Friedhoftor has a distinguished provenance, with a history that can be traced back to the artist's studio. From there, it was acquired by the English writer Herbert Ernest Bates, famed for his novels Love for Lydia and The Darling Buds of May. In 1960, Friedhoftor was included in the exhibition Gabriele Münter, Oil Paintings 1903 – 1907, at Marlborough Fine Art Ltd. in London. The exhibition was co-curated by Dr. Hans Konrad Röthel, Director of the Städtische Galerie und Lenbachgalerie in Munich, who secured most of the loans for this exhibition. In 1956, Röthel was the first to see the complete personal art collection of Kandinsky and Münter, which Münter had stored in the basement of her house in Murnau to protect it from the National Socialists. A significant part of the collection was donated to the museum the following year.

Friedhoftor was included in the exhibition under number 8, titled Entrance to a Cemetery. At the time, Marlborough Fine Art Ltd. played a significant role in promoting twentieth century art from Germany and Austria in the United Kingdom. Throughout the 1950s and 1960s, the gallery showcased a series of exhibitions in relation to Expressionism and the Modern German tradition, starting with the 1959 exhibition Art in Revolt: Germany 1905-1925. It was Münter's first solo show in the United Kingdom.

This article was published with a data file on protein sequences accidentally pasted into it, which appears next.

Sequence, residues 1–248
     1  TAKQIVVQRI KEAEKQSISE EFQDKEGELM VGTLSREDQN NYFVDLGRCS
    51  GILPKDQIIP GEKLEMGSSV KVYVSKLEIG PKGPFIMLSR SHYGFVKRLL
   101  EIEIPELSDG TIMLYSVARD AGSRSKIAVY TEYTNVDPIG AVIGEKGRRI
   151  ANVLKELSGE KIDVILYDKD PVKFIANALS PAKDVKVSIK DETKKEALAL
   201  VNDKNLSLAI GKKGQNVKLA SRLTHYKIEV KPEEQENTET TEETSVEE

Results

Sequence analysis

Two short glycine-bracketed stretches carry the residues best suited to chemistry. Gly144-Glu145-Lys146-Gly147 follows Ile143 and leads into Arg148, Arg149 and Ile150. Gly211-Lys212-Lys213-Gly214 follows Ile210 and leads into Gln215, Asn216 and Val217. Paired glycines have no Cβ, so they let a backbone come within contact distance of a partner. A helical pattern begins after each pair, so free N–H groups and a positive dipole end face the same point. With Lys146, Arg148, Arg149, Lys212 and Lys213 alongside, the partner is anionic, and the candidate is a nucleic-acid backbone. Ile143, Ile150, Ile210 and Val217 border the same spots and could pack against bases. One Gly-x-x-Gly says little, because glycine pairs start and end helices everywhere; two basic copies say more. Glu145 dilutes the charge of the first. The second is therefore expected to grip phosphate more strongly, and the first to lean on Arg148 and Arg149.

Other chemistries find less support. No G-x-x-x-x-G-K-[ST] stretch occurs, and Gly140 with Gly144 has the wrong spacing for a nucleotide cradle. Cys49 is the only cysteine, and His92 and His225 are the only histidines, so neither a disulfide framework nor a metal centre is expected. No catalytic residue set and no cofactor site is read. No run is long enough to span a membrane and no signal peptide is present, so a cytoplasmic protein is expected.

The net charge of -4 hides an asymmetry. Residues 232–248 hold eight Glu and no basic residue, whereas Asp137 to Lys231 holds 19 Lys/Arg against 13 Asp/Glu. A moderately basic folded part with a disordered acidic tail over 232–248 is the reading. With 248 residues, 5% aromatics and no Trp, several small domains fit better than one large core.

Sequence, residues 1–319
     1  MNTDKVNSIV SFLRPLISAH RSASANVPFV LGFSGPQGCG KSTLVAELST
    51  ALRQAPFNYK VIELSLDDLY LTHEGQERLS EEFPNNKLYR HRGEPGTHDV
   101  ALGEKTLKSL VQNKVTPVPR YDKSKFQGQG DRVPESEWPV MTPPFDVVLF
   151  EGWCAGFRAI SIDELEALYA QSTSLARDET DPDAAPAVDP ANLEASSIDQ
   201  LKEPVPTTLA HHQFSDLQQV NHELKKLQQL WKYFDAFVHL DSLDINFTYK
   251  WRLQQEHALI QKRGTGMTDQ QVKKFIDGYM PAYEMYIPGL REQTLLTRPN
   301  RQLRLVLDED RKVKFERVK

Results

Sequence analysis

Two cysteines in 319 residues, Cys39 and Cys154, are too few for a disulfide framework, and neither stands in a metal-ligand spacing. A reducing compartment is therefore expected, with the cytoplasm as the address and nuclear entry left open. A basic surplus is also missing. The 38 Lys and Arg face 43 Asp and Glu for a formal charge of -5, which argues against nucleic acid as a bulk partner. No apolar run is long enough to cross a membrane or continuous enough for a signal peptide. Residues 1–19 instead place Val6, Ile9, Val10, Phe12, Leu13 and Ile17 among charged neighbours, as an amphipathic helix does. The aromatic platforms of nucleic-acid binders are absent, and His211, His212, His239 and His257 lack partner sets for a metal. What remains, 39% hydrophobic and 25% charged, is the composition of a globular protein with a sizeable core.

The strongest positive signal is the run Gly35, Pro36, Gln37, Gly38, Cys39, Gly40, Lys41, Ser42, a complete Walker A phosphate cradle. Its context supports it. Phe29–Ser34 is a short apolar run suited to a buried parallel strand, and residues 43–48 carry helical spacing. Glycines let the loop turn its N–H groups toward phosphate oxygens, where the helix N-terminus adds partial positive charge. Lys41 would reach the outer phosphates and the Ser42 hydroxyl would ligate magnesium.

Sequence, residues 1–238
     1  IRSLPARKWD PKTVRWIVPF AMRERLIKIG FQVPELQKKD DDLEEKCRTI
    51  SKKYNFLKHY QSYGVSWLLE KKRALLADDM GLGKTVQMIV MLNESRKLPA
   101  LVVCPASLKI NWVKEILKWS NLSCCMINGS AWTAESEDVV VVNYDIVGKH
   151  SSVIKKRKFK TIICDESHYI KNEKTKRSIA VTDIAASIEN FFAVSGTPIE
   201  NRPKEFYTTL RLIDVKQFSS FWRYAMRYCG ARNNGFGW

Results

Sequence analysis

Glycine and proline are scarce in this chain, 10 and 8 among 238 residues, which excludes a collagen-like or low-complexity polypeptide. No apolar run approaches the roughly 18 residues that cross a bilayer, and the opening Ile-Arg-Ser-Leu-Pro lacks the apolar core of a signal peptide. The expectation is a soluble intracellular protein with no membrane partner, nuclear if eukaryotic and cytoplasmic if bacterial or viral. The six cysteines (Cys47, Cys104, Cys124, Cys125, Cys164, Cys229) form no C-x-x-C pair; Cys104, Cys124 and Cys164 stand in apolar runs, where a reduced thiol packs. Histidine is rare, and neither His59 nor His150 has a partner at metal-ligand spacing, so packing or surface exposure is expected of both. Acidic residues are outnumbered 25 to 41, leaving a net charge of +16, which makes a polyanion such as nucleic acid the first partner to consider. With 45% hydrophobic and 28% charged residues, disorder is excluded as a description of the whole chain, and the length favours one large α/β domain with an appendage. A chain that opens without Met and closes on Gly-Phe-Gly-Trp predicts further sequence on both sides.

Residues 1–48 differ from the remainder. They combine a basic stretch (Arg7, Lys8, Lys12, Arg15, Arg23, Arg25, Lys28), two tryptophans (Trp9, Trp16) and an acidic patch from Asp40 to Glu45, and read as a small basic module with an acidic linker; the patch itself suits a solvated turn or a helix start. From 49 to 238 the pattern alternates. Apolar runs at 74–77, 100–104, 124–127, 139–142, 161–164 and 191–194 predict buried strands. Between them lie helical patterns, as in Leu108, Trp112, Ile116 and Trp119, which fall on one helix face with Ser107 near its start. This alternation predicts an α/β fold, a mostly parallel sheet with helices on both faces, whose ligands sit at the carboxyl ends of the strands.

Five years later, Friedhoftor was acquired by Jean Peter Taylor. She was a director at the San Francisco based Maxwell Galleries, which specialized in 19th and 20th century American and European art. They were considered as one of the most prominent and influential West Coast galleries in their time. Taylor ran the gallery alongside its founder, Fred Maxwell.

Taylor acquired Friedhoftor during an eight week stay in Europe in May and June of 1965, where she immersed herself in the artistic scenes of Paris and London. During this trip she also acquired other works by artists such as Egon Schiele, George Grosz and Berthe Morisot at a few of the most prestigious European galleries. Since her death in 1977, the present work has remained in the same private collection. Friedhoftor arrives only now on the international market for the first time.

As one of the very few female artists of Der Blaue Reiter, there has been much attention focused on Münter's oeuvre in the last decades. Her work has received institutional attention, and recent solo shows were held at the Courtauld Institute (London, 2005), Louisiana Museum of Modern Art (Denmark, 2018), and Zentrum Paul Klee (Bern, 2022). Other works from 1908 are included in the permanent collections of the Museum of Modern Art (New York), Los Angeles County Museum of Art, and the Albertina (Vienna).